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MANZINI - For about two years, the St Joseph’s School has been closed due to the damage on structures during the 2021 Cyclone Eloise.

This was said by Ekululameni Rehabilitation and Training Centre Manager Duma Zwane during the launch of a disability project sponsored by the European Union (EU) and United Nations International Children’s Emergency Fund (UNICEF). It took place at St Joseph’s Mission yesterday. The EU has partnered with UNICEF in the education and skills development by contributing E9 million, which seeks to support the rights of children and youth with disabilities in Eswatini, by mitigating the effects of COVID-19, through increasing access to quality inclusive education.

The institution is a vocational facility that caters for people with special needs. The courses offered are; Leather Works, Consumer Science, Fashion Design, Bricklaying, Wood Work and Handicraft. Only a select few girls are currently enrolled in the school, while boys stay at home due to the damage on the institution’s infrastructure. According to Zwane, it was unfortunate that there were only female pupils at the school, as boys were not present. “We usually have an enrolment of about 60; with 30 girls and 30 boys. This is all due to that the storm of 2021 destroyed most of our hostels and, unbeknown to us, the boys’ hostels were destroyed such that they were not conducive for people to reside in,” Zwane said. The manager further stated that they had been faced with COVID-19 in 2019/2020. He said during the lockdown, pupils had to go home. Zwane mentioned that parents were persistently asking them when they would reopen, especially when rotational teaching was introduced. Zwane added that it was unfortunate that they would say their children were troubling them.


He alluded to that people with special needs were wrongly considered a curse sometimes in society. Zwane said there were some who were thought to have been bewitched when they had children with special needs. “There is a need to have a change in mindset - that having a person with special needs is no curse. These are all God’s people and they don’t belong to a lesser God,’’ he said. The manager said in 2020, the roofing of the school was made of asbestos, which was a health hazard. However, the storm that struck in 2021 resulted in most of the infrastructure being destroyed. Zwane said the girls’ hostel, dining hall, matron’s house were damaged such that government sent a task team to do an assessment. He said when they came into St Joseph’s Mission, they found disaster. Zwane said even today, some of the structures had not been rehabilitated. Nonetheless, he expressed the institution’s gratitude to government, through the Ministry of Education and Training, Ministry of Economic Planning and Development, Micro- Projects, as well as partners in EU and UNICEF, who came on board and helped renovate the structures.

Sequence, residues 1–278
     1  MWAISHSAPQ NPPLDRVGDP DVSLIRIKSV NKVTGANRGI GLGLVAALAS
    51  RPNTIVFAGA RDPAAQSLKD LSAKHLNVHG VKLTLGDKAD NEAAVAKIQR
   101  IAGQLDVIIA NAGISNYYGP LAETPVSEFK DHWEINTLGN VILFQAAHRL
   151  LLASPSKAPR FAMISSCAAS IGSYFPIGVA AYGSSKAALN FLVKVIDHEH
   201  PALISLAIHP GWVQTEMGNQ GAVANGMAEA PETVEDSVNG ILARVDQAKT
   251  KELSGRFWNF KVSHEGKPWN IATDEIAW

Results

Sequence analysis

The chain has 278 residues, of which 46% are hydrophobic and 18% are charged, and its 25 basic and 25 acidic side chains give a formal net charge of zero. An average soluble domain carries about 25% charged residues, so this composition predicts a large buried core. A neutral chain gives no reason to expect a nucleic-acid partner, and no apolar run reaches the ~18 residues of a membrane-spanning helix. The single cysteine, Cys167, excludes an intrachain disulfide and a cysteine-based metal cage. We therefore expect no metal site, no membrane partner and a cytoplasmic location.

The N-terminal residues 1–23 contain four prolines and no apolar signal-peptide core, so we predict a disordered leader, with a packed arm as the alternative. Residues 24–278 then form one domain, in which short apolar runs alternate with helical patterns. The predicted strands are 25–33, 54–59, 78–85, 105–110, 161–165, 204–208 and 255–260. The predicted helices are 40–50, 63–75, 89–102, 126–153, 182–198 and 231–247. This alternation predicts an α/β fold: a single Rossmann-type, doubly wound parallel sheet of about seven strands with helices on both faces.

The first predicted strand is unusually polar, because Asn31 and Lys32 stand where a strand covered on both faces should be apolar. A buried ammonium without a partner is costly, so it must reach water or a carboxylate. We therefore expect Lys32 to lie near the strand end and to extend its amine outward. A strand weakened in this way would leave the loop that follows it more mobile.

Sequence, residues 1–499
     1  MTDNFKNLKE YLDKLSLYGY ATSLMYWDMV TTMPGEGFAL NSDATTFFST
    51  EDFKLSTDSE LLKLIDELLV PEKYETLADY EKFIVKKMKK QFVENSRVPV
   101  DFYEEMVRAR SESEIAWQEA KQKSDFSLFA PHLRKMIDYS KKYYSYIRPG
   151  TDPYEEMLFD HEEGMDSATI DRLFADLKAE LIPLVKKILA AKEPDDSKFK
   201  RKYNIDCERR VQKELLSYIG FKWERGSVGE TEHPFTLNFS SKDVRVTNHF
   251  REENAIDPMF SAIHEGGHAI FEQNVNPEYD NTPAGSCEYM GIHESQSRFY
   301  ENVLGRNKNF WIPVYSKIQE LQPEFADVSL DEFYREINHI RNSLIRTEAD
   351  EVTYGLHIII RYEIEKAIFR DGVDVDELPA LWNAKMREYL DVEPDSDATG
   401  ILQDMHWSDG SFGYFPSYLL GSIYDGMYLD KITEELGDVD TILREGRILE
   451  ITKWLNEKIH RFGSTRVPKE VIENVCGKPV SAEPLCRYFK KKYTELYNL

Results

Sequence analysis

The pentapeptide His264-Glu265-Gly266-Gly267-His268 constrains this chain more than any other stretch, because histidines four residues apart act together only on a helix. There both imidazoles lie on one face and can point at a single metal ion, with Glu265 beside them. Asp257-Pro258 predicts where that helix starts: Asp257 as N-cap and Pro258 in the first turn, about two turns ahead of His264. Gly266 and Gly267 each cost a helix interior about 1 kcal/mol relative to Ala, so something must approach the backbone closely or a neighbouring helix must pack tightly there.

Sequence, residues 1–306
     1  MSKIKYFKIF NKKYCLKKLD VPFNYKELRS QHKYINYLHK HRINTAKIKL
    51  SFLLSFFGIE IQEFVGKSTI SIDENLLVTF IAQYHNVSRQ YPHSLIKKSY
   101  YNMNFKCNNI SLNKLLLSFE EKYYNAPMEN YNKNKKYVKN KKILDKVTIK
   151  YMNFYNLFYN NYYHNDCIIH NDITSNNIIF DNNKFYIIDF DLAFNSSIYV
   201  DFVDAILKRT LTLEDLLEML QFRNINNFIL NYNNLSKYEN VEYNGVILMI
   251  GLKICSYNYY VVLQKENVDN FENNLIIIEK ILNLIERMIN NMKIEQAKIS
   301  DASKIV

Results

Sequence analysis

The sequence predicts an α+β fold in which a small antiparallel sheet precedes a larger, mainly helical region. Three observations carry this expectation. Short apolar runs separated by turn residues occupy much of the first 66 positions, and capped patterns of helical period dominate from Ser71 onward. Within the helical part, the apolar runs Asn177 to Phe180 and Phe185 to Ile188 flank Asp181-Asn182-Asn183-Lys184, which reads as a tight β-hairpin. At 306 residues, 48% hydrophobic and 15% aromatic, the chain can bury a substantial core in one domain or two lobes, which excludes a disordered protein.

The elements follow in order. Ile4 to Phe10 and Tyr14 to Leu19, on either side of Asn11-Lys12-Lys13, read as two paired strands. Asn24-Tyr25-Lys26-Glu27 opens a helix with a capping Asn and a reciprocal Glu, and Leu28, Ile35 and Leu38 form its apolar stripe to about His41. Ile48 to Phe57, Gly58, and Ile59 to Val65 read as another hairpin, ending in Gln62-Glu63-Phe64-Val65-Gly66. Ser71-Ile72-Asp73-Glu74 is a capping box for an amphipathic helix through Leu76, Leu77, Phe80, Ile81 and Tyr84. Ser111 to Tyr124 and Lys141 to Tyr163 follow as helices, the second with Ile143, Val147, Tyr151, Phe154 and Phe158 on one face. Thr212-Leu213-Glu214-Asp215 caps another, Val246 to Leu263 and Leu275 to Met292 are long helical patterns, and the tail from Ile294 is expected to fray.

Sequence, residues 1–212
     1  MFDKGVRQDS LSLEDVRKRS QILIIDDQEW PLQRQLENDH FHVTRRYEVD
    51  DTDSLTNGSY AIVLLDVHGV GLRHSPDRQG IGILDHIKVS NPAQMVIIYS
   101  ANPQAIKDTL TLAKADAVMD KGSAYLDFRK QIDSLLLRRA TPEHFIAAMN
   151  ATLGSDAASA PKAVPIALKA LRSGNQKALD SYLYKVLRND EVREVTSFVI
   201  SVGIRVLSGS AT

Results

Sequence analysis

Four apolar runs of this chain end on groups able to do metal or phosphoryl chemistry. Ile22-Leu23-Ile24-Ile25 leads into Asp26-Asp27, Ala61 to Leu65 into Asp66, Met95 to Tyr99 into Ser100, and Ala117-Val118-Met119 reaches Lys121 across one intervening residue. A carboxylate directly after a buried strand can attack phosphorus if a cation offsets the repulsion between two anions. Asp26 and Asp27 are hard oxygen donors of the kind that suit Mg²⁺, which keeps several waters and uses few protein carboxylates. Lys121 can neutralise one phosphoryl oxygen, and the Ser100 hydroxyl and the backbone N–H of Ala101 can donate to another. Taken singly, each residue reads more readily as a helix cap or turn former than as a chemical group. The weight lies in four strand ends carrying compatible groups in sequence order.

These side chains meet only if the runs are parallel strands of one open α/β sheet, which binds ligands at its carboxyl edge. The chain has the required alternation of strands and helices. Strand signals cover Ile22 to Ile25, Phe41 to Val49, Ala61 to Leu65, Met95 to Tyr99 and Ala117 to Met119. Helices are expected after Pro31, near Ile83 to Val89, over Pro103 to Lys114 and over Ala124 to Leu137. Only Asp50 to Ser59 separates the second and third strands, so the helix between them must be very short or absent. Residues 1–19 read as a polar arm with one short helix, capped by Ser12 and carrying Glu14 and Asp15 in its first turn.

“There is still more work to be done as I’ve mentioned that we don’t have our boys around due to that the boys’ hostels are in a shambles,” Zwane said. He said they were compelled to close because during the rainy season the roofs leaked, posing danger to students’ health. He added that the administration block was also affected as it had a porous roofing. Zwane said the hall also had its challenges.


Meanwhile, he said the institution had an Optical Department, which was affordable, with only E100 consultation fee required. Zwane said clients chose their own frames. However, he said there was a need for an extension and improvement of the facility. Meanwhile, UNICEF Deputy Resident Afshin Parsi said people with disabilities in Eswatini were estimated to be 176 184, which translated to 16.1 per cent of the country’s population. “The prevalence of disability in Eswatini is higher than the average found in other developing countries, which is 10 per cent of the total population,” he pointed out. Parsi elaborated that in 2020, one out of four households (22 per cent) had at least one member with disability and 82 lived in rural areas. He said there was limited coverage of social programmes like disability grant, which reached only a third of people who needed the support.


On another note, the deputy representative noted that Eswatini was one of the countries that had made progress in development of policies in line with the ratified United Nations Convention on the rights of persons with disabilities. “UNICEF wishes to express sincere appreciation once again to EU for this partnership to address the impact of COVID-19 as it relates to school participation for our children with disabilities. This is in line with our shared participation for our shared values to ensure inclusive and equitable access to education,” Parsi quipped. He further encouraged partners at all levels, including parents, community leadership, teachers and development partners to all identify and perform their roles and responsibilities to reintegrate and retain young people with disabilities in schools. He also urged them to support implementation of the policies, strategies and frameworks on inclusion.


EU Ambassador to Eswatini Dessislava Choumelova reiterated their motto of unity in diversity. She said they were coming from 27 different countries with different cultures and customs. “But we are united because we believe in human dignity, democracy and human rights, and this includes the rights to education of everybody,” she said.